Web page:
October 13, 2005 in Idaho

Explosion rocks vacant CdA home

Taryn Brodwater Staff writer
 
Kathy Plonka photo

An early morning natural gas explosion blew the back porch off of a home on Garden Avenue in Coeur d’Alene on Wednesday. The home is vacant.
(Full-size photo)

A natural gas explosion lifted a small downtown Coeur d’Alene home off its foundation early Wednesday, shattered windows and sent debris flying as far as 100 feet. An addition on the back of the vacant house was completely torn off by the blast.

The back door, walls and a charred bed mattress littered the back yard. The roof to the addition looked like it had been picked up and set down on top of a pile of rubble.

Nobody was in the house at the time of the explosion. Spokane resident Steve Spickard, who owns the small blue and white home at 1017 E. Garden, said he had been renting it out until recently. He said his family was fixing up the home, replacing carpet and painting, and was considering moving there.

The cause of the explosion is under investigation, according to the Coeur d’Alene Fire Department.

Neighbor Julie Hammock said she was sleeping when she heard the blast about 3:30 a.m.

“It sounded like a sonic boom,” she said. “Everyone was awake then.”

Spickard said another neighbor called him after the blast and said it was the loudest explosion she had ever heard. As of Wednesday afternoon, Spickard hadn’t surveyed the damage himself.

Avista Utilities spokeswoman Debbie Simock said utility crews responded after the blast to investigate and determined that the explosion had occurred “on the customer’s side.” As far as Avista is concerned, its role in the investigation is complete, she said.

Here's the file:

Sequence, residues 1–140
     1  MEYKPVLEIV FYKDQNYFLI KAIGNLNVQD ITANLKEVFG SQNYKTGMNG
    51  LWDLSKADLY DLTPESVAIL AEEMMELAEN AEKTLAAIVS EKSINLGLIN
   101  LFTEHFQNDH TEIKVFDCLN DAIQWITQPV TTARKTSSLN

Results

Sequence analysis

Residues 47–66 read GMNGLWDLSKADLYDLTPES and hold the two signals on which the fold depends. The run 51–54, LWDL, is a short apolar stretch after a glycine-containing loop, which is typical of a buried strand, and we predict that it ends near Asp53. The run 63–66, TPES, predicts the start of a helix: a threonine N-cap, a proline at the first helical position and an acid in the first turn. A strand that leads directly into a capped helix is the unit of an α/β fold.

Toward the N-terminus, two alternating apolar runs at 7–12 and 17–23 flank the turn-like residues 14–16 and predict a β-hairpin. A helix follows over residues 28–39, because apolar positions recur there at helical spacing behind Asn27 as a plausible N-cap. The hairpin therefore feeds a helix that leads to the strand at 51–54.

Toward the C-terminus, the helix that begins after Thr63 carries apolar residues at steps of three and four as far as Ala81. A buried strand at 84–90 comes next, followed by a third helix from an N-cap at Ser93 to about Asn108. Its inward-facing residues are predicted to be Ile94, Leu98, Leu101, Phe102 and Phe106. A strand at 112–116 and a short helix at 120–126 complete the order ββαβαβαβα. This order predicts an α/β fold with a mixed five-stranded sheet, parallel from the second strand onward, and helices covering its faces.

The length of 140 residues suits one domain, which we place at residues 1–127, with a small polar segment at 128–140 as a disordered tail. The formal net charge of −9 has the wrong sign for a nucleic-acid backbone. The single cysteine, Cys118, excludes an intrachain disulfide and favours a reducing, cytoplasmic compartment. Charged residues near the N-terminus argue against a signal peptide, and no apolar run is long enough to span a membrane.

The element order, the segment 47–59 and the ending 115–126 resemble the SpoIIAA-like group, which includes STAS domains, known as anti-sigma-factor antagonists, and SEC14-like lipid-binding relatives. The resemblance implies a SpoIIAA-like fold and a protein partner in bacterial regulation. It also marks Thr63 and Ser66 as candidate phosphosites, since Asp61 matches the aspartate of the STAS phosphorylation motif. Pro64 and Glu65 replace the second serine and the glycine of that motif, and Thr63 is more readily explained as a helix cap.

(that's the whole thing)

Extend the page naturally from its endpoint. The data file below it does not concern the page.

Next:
When fire crews arrived on the scene, they discovered a fire in the basement and considerable damage to the rest of the one-story house. They were able to contain the fire to the house, according to a news release from the fire department.

Simock said she didn’t know the specifics of the incident but said it was important for natural gas customers to remember that if they smell gas or “rotten eggs” to immediately leave the house. She said people shouldn’t even flip on a light switch, a cell phone or pick up their home phone if they smell gas.

Instead, Simock said, residents should leave their home and call for help from a neighbor’s house.


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